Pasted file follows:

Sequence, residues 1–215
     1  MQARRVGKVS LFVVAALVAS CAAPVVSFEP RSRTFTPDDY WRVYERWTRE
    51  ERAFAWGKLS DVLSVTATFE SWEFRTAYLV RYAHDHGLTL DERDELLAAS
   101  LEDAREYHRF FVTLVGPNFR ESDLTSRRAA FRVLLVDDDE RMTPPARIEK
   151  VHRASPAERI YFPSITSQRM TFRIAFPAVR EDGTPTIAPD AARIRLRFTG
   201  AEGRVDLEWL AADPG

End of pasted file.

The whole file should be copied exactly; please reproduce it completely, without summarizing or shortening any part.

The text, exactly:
Sequence, residues 1–215
     1  MQARRVGKVS LFVVAALVAS CAAPVVSFEP RSRTFTPDDY WRVYERWTRE
    51  ERAFAWGKLS DVLSVTATFE SWEFRTAYLV RYAHDHGLTL DERDELLAAS
   101  LEDAREYHRF FVTLVGPNFR ESDLTSRRAA FRVLLVDDDE RMTPPARIEK
   151  VHRASPAERI YFPSITSQRM TFRIAFPAVR EDGTPTIAPD AARIRLRFTG
   201  AEGRVDLEWL AADPG